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September 19, 2005

Fall quarter brings changes in and out of the classroom

By Jim Burns

Students began moving into university housing over the weekend in anticipation of the 2005–06 school year.

Chancellor Denton with students

Chancellor Denton, right, welcomes new and returning students to campus on Friday. In a stop at Kresge College, she met, from left, seniors Rachel Restani and Zoey Taylor, and Kresge freshman Daniel Malament.
Photo: Tim May

The first day of instruction in the fall quarter is Thursday, September 22.

Here are some facts and figures about this year's student body, new academic programs the campus is offering, changes in parking regulations, and new buildings under construction:

Enrollment

UCSC is expecting an average 2005-06 enrollment of 14,995 students; the projection for the fall quarter alone, historically the quarter with the most students, is 15,510.

Of those students enrolling in the fall, 14,010 are expected to be undergraduates; 1,500 are projected to enroll in graduate studies. Of the 14,010 undergraduates expected to enroll, approximately 4,050 will be new students (3,100 freshmen and 950 transfer students). These 4,050 new undergraduates were admitted from among nearly 23,000 applicants to UCSC.

Profile of new freshmen

The most popular majors among freshmen who have already declared are in the many areas of the biological sciences, in business economics, and in psychology.

Approximately half of the freshmen have declared a major. The other half have expressed interest in a more general academic area of interest, having selected one of the following clusters: business and economics; education; environmental sciences; human psychology, culture, and society; information sciences, engineering, and technology; languages, literatures, and communication; liberal arts and area studies; life and health sciences; physical sciences and math; and visual and performing arts and media.

Of the 3,100 freshmen expected, more than 1,200 (39 percent) identified themselves as African American, Chicano, Latino, American Indian, or Asian/Asian American. The average grade-point average (G.P.A.) of admitted freshmen is 3.69.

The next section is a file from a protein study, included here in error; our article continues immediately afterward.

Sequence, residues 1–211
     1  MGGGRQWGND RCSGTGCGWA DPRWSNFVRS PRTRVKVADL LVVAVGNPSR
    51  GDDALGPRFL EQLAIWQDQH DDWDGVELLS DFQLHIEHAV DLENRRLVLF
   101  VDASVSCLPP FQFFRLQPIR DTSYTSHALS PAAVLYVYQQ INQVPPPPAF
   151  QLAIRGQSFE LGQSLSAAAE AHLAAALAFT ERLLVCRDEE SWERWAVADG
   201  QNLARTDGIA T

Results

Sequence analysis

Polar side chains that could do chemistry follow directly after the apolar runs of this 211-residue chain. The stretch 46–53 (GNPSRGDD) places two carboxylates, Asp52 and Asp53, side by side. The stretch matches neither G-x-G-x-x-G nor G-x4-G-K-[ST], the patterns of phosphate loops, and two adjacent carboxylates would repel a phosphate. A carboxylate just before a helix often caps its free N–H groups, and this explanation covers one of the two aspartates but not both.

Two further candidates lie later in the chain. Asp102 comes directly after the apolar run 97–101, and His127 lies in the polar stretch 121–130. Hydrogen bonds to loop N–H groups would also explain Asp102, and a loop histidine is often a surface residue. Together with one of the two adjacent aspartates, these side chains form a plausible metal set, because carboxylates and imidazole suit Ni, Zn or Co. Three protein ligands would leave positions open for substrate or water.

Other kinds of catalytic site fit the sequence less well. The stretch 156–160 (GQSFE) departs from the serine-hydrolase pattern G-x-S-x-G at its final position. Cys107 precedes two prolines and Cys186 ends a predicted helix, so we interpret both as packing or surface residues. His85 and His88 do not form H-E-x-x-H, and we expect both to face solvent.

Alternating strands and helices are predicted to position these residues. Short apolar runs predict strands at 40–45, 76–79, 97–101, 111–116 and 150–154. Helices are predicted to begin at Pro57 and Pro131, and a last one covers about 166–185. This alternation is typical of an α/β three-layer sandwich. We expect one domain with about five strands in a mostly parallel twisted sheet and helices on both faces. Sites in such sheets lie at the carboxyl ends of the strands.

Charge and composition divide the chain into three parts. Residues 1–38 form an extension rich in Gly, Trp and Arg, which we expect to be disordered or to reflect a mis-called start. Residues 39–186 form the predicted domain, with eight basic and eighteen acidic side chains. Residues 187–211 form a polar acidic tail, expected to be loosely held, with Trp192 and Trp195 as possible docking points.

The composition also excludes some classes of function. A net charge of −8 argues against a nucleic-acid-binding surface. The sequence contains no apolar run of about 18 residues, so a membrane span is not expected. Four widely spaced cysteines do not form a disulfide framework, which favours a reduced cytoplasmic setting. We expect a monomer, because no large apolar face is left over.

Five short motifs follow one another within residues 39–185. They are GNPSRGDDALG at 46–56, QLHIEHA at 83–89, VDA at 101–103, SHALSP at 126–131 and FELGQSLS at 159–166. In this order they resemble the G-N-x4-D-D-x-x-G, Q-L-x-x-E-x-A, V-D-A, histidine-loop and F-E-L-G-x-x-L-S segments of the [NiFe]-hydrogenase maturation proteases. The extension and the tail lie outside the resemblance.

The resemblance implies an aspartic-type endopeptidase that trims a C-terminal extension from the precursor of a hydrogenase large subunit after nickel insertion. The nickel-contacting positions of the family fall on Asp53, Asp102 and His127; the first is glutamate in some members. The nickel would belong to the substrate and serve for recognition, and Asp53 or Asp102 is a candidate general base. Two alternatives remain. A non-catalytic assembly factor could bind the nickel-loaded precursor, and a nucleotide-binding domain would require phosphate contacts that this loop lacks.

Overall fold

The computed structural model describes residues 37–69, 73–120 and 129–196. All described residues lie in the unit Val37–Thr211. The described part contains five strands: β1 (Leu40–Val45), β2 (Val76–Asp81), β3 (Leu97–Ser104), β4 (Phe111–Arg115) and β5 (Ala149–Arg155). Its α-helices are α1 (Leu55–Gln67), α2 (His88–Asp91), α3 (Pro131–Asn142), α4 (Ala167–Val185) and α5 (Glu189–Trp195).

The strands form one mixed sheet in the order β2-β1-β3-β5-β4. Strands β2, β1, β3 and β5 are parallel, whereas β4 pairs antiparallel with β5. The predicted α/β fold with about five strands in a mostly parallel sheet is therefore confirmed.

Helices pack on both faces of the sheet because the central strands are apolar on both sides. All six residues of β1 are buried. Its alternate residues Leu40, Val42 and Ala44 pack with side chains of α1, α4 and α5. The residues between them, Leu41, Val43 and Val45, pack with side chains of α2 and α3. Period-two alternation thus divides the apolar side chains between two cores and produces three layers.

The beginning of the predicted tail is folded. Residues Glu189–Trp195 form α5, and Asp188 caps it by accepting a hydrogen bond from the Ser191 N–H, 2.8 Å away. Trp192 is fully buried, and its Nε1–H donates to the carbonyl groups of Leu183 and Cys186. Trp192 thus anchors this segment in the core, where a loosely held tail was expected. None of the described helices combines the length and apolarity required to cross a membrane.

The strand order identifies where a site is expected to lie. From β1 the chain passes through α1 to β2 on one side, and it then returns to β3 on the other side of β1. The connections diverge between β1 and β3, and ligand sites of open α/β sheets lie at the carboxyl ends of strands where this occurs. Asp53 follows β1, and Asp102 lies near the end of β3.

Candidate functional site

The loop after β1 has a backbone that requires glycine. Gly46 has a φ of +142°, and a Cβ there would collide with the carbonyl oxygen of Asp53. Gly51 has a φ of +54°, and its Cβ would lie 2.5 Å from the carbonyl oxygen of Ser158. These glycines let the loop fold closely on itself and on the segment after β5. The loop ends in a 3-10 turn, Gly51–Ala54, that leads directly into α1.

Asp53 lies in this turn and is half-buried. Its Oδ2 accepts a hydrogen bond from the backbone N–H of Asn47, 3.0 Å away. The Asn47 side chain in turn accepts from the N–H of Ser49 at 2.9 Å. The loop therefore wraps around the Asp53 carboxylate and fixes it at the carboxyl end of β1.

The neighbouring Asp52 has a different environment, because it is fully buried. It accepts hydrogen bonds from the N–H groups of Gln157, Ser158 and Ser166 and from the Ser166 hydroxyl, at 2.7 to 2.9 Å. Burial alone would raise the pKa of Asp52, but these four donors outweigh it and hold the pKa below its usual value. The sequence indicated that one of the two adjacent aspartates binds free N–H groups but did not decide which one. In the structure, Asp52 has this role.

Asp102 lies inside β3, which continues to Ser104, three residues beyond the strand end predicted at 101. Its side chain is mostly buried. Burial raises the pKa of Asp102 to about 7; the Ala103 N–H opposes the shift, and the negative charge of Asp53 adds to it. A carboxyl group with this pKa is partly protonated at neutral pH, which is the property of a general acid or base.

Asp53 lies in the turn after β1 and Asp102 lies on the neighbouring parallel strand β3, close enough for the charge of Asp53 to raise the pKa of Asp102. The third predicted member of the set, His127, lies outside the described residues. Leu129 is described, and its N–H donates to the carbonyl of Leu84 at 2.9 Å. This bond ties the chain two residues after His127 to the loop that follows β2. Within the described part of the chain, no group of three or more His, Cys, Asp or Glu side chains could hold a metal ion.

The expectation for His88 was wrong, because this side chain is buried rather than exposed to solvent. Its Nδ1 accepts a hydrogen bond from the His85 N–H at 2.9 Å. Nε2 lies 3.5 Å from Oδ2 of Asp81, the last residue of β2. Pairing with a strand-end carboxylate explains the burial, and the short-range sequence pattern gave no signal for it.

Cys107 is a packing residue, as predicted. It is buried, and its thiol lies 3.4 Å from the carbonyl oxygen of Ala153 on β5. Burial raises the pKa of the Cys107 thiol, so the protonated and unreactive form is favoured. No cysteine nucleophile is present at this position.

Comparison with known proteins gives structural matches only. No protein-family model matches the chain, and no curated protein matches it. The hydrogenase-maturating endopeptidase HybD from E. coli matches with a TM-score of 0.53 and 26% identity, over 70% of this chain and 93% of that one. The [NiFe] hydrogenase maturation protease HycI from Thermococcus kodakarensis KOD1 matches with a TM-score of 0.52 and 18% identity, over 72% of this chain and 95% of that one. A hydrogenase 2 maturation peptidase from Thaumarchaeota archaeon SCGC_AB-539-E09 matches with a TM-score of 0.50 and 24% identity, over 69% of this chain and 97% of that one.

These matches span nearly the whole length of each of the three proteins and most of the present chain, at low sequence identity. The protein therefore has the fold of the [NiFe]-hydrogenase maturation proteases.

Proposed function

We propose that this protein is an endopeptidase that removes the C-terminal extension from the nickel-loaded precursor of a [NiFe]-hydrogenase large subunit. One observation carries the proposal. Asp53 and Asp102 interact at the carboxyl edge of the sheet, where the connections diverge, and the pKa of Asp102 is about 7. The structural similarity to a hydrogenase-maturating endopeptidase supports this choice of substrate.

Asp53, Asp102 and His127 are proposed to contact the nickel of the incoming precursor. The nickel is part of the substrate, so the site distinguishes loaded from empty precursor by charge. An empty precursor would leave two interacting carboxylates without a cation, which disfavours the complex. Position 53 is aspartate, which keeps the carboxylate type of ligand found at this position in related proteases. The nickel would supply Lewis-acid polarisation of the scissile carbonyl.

Academic changes

• The Education Department has added an Ed.D. in collaborative leadership (with San Jose State University and California State University, Monterey Bay)

The name of the B.A. program in "women's studies" has been changed to “feminist studies.”

• Film and Digital Media has added a B.A. concentration in critical studies

• The Jack Baskin School of Engineering--Applied Mathematics and Statistics has added a new undergraduate minor in statistics

• The Jack Baskin School of Engineering--Computer Engineering has added a new undergraduate minor in computer technology, and new B.S. concentrations in computer systems, digital hardware, multimedia systems, networks, and systems programming.

• Latin American and Latino Studies/Literature has added a new B.A. combined major.

• The name of the music undergraduate minor has been changed to “Western art music”

Parking changes

The new academic year also brings some changes in parking regulations. Nighttime parking permits are now required on campus, as of September 1, and some parking fees have increased.

Metro bus passes will remain free to those faculty and staff who do not purchase any type of parking permit. Those who wish to receive a bus pass in addition to their parking permit or scratch-off packet, however, will need to pay an additional $24 for their annual bus pass, a payroll deduction of $2 per month.

More information is available at www2.ucsc.edu/taps and in a July 25 Currents Online article, "Nighttime parking, other parking changes near."

New buildings

A number of construction projects are under way on campus and will continue through much of the 2005-06 academic year. The projects include:

• McHenry Library Expansion: After 10 years of planning, the McHenry Library Addition and Renovation Project will take a giant step toward reality as construction begins this fall. The expanded and renovated McHenry Library will provide increased space to better serve library users. Site preparation began last week with ground clearing in or very near the project footprint. The project, scheduled for completion in 2009, will provide the campus with an outstanding, architecturally designed building in a setting of terraced reading gardens, redwoods, and cherry trees. (See Currents article)

• Kerr Hall: To prepare for the relocation of administrative offices resulting from the McHenry Library project, construction is occurring on Kerr Hall's interior and in its parking area. The relocation of offices is scheduled to take place by the beginning of January.

Other projects include the Emergency Response Center, the Hahn Student Services retrofit project, the Humanities and Social Sciences Facility, and the Physical Sciences Building. Details on construction projects throughout campus are available online on the Construction Plans web page.

 

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